The Directorate General of Cultural and Natural Heritage of El Salvador’s Ministry of Culture reported on November 22, 2018, that the investigation will be expanded in Complex 1 of Joya de Cerén after the discovery of a skeleton, human footprints and cultivation furrows in the excavations carried out as part of the project Construction of Protection Works and Improvement of the archaeological park.
The discoveries “have led us to take the decision to extend the excavations in the southern zone of Complex 1, where we will make a larger trench by joining three of the exploratory pits,” explained archaeologist Michelle Toledo, who directs the research at the site.
Toledo added that the expansion will serve to “achieve a better interpretation of the Complex 1 and make the decision of where to put the columns that will support the new roof.” The excavation works will last until the end of November or the beginning of December.
Regarding the skeleton, the archaeologist commented: “A few days ago a pit was identified that contained organic and skeletal remains; the cleaning was carried out and it was determined that it was a burial of a person who probably inhabited the village, but who did not die because of the eruption. There are long bones and we believe that this burial is from the Late Classic period (600-900 AD), because inside the pit there is fine white tephra, known as “Tierra Blanca Joven” (young white earth), a product of the eruption of the Ilopango volcano in 535 A.D.); if so, this individual would be from a burial possibly from the moment when the people of Joya de Cerén lived here.”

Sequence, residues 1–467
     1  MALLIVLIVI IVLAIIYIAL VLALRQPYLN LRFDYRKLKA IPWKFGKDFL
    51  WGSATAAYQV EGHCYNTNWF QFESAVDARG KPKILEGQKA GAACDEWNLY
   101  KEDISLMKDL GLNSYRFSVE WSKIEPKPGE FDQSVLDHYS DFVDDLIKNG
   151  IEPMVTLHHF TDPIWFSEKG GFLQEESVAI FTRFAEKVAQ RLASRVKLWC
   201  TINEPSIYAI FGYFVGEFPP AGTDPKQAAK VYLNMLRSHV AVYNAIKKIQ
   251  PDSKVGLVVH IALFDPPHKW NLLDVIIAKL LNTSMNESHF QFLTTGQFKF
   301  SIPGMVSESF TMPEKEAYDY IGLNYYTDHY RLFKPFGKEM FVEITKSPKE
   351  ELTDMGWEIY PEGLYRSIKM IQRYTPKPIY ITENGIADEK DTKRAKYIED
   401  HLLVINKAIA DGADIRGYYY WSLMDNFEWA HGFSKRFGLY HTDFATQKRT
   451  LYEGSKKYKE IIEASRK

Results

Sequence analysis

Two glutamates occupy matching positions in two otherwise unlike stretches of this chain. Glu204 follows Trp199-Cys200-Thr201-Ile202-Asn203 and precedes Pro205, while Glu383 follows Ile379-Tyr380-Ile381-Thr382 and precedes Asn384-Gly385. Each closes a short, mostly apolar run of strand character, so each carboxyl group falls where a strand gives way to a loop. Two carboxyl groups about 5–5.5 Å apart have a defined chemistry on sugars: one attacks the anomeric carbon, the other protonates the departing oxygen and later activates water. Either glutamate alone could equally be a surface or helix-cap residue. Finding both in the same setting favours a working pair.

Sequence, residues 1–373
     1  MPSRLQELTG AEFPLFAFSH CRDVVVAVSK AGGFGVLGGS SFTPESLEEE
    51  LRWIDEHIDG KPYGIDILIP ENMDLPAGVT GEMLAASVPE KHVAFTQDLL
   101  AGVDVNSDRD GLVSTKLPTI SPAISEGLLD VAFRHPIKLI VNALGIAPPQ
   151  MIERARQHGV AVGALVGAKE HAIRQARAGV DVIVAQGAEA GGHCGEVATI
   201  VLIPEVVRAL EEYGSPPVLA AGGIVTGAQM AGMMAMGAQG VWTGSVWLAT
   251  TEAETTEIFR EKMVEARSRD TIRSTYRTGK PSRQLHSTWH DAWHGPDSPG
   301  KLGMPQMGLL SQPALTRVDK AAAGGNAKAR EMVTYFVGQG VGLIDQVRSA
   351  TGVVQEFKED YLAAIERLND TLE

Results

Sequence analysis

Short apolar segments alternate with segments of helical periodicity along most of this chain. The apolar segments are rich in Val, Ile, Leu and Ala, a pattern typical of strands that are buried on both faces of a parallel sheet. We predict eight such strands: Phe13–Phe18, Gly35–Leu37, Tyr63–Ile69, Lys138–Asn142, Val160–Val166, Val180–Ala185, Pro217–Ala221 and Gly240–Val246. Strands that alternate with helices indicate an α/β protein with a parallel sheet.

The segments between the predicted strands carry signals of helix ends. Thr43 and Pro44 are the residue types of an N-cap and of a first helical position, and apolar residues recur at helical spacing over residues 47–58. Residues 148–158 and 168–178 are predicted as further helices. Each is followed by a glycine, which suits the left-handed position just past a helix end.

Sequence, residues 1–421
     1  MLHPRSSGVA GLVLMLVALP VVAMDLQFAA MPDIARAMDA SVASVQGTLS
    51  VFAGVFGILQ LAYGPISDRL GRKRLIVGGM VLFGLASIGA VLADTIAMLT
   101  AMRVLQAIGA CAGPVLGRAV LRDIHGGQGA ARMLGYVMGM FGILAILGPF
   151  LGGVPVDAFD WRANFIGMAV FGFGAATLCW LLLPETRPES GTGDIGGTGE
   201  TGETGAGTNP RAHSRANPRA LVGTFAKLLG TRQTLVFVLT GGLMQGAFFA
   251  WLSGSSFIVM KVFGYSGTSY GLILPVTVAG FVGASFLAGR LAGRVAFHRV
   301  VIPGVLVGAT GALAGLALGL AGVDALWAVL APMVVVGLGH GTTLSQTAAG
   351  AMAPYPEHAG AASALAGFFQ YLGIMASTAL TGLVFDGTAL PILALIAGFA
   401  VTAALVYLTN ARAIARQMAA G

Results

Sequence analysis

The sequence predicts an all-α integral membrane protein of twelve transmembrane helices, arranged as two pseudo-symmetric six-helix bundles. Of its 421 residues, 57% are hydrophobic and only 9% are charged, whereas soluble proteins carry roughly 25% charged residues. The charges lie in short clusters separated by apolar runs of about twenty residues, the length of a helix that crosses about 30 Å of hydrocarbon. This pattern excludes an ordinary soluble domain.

This is the first time in more than forty years of research that human remains have been discovered in Joya de Cerén. Unfortunately, the skeleton–discovered next to an obsidian knife–is in a poor state of conservation. “Maybe this burial was beneath some structure that was removed by a tractor,” when workers from the now defunct Instituto Regulador de Abastecimientos (IRA), who were building silos, discovered the site in 1976, said Toledo of the Archaeology Directorate.
The project being carried out at the site seeks to protect the structures and contemplates the construction of three metal roofs for Complexes 1, 2 and 3, stabilization of ash slopes, renovation of the museum, as well as updating the signage and the interpretive trail, which will be in Spanish, French and English.
Joya de Cerén was buried in the ashes of the Loma Caldera volcano around 650 AD. The ashes preserved the site and this has allowed us to appreciate the way of life of the Mayan village: rituals, agriculture, commerce, space management, citizen organization, food habits, etc.